How to Hire a DJ for an 80s Night

I recently received email asking me if I knew of any DJs where they lived, and unfortunately, I've never had to hire a DJ before. So what this page is going to become is two things, (1) tips on what to ask when hiring a DJ, (2) a list of DJs people have used. The appeal for having a strictly 80s night is that unlike the music of today, most music in the 80s received airplay on many stations. Also, most of the music is very dancable, without having to be something that is strictly dance related. Also, most of this music tends to put a smile on people's faces since it's so easily recognized, some of it almost cheezy. For help planning an entire 80s theme, check out the How to Plan an 80s Night page for suggestions and good songs to be played.

What to ask a DJ for an 80s Night

  • Do you carry 80s music?
    Music from the 80s hasn't made it quite into the widespread nostalgia realm yet. Usually the selection a DJ will have is going to be somewhat limited to easily recognized songs. A friend of mine recently asked the above question, and despite a yes to that question, didn't have such classic 80s tunes as "Come On Eilieen", "Obessison", "You Spin Me Like a Record", "Safety Dance". Basically, they should have a copy of the "Wedding Singer" soundtrack, or at least the tracks that are on it.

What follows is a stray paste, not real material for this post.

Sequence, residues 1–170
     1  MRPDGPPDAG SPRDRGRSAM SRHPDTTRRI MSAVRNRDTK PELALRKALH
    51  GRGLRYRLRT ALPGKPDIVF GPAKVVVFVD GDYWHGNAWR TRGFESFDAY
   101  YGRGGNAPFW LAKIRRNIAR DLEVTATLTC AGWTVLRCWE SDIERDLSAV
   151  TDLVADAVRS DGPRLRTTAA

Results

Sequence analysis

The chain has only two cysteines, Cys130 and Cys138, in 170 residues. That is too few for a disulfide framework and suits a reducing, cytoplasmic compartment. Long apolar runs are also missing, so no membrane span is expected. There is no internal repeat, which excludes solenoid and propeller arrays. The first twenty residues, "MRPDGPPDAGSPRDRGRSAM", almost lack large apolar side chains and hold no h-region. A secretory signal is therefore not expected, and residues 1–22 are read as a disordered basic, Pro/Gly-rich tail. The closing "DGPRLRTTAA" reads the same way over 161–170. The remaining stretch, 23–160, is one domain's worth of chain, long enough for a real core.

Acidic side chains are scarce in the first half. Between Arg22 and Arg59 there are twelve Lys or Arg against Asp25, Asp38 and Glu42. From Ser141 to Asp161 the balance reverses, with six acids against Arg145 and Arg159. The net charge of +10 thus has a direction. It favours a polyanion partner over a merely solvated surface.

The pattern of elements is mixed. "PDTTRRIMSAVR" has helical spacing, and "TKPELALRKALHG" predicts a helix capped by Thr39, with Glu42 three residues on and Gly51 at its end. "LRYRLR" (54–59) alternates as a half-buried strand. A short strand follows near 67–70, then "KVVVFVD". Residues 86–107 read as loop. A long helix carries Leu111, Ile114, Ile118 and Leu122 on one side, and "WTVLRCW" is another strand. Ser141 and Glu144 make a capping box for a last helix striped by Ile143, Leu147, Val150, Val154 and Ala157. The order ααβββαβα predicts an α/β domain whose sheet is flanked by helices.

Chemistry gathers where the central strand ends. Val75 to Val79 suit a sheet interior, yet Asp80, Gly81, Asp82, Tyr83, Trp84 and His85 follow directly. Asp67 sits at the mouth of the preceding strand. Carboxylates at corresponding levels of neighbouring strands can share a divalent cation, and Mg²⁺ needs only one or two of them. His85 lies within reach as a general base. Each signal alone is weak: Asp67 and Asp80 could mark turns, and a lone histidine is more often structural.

• Do you have (...)?
    This is the most important question you can ask. Don't expect every DJ around to carry your favorite song. Most DJs specialize in dance music of various sorts, so Depeche Mode and the Cure are probably not high on their "must have" list. See the next question if they don't.
  • Can You Play CDs/Tapes I Provide?
    Chances are good your favorite songs might not be in a DJs collection, so this is a good question. Heaven forbid all you have is vinyl now-a-days, they might not even HAVE a record player, let alone bring one with them. You want to alert them you have something that is on a particular format, they might want a copy ahead of time in order to better accomodate you.
  • What are your rates, how much set up time do you need, is that night free?
    These questions are basically what determine if you can get the night. You should ask how long they can plan, and make sure you undestand how many hours your going to get. Also, if this is a wedding or similar event, the DJ should be counted as a guest for food requirements, since it's customary (so far as I know) to feed them too if there's a dinner being served (same for the photographer).
  • Do you have references? How long have you been in business?
    This isn't a bad question to ask, most DJs should be able to refer you to someone else who has hired them. You should also be leary of paying a lot for a relatively new DJ who hasn't established their services. Some DJs can even provide a cassette tape of their services upon request.
  • What kind of equipment do you use?
    A professional DJ will have equipment you have never heard of most likely. That is because their equipment is commercial, designed for rugged handling. If they say a Radio Shack CD player with Optimus 3 speakers, beware! Try and note the manufacturer and do a quick search at Alta Vista for the name and see what kind of page it shows up on. If it's on a DJ oriented page (other than his own of course) you're probably ok.